But missional churches turned this on its head–instead of making the church into an alternate community, the church should be a sending community. So, we’re sending our kids into the community’s basketball leagues, we’re joining them in their Easter egg hunts, and our musicians are doing shows in their venues. But we’re doing these things under the banner of mission. In the missional model, the church is not the only place where God is working; He’s also at work in the world.

    But, in order for good deeds in the public sector to be “missional,” they have to be done according to the Missio Dei, which would be the reign of God. For this reason, I would think that a good deed in the public sector would not be truly missional if it was divorced from the context of the reign of God.

    But this raises another question–what role does our anthropology play in our interpretation of what constitutes mission? Can a non-Christian do a genuinely good deed apart from the Spirit of God/Missio Dei?

    If not, then I think you face a dilemma when you see non-Christians doing acts of compassion or justice. Either you have to conclude that these deeds (while appearing noble) come from impure motives so that thy aren’t truly good deeds, or you have to say that the Spirit is at work even in the unregenerate. I think with this anthropology you would have to conclude that every good deed is a missional good deed (because they necessarily come from the Spirit).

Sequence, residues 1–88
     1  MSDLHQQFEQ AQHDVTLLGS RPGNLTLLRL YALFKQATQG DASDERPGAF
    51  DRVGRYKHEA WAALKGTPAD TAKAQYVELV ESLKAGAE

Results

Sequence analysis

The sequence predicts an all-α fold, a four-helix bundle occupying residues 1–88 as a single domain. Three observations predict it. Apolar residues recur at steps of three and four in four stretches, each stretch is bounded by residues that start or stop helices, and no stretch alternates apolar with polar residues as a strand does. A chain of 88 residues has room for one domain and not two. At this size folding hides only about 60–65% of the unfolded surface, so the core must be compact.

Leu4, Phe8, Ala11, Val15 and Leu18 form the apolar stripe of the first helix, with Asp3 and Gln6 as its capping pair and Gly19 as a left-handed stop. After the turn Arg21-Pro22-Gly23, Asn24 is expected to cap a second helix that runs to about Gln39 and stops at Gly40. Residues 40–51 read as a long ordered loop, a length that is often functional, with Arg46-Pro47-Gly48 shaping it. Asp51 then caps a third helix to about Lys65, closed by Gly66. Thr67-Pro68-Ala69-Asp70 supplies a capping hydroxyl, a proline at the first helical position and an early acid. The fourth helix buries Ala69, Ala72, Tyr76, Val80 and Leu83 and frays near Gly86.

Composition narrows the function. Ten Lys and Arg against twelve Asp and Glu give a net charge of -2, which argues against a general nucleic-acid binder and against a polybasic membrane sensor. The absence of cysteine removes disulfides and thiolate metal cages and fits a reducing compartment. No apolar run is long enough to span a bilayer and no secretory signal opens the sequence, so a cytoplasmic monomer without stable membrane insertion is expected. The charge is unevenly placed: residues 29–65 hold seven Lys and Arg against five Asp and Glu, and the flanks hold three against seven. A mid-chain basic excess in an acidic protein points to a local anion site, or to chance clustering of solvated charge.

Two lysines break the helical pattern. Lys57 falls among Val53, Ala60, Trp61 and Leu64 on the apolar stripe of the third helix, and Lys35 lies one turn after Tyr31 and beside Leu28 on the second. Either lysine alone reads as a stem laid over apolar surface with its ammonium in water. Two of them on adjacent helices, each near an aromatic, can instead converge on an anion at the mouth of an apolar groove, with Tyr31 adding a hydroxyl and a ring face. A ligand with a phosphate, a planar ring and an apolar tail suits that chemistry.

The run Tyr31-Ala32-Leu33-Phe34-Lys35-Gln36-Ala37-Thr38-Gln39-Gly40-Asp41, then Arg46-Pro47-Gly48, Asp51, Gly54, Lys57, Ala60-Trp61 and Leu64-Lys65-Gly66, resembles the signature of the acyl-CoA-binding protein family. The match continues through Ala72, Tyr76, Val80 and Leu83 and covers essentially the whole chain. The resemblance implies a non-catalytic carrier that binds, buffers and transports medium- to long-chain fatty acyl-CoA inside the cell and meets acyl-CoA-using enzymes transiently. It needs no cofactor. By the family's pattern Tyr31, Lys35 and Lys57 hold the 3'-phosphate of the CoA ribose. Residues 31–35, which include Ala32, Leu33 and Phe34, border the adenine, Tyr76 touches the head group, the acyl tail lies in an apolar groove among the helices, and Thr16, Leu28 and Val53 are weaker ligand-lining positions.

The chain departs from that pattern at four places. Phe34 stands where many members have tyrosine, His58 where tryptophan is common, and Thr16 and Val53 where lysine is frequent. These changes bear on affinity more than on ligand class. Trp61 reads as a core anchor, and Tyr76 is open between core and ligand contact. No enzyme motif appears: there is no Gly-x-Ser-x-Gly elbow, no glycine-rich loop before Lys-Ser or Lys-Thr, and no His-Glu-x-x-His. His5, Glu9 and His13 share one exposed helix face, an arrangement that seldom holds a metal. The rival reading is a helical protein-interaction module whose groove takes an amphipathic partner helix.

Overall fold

But what if your anthropology allows for unregenerate people doing truly good deeds? Then I think you could look at good works not done in the name of the reign of God, affirm their goodness, but not have to insist on their being missional.

  • Marshall

    I suppose “mission of God” could mean my mission that God gave me, or the mission that God is on. I suppose the various missions that God gives to individuals could vary quite a bit, but when in doubt tend the sick, comfort the afflicted, set the captives free sort of thing. As to the church, the Master was quite explicit in John 21: feed my sheep.

    I guess I have notion of a mission that God would be on, which I am incompetent to understand or judge, isn’t that a process-theology thought?

    In my uncertain grasp of the Trinity, I think of the God Who Is Everywhere (and in favor of everything) as the Holy Spirit. Is that a conventional thought? I understand about getting carried off into the fog, but there you are, isn’t it?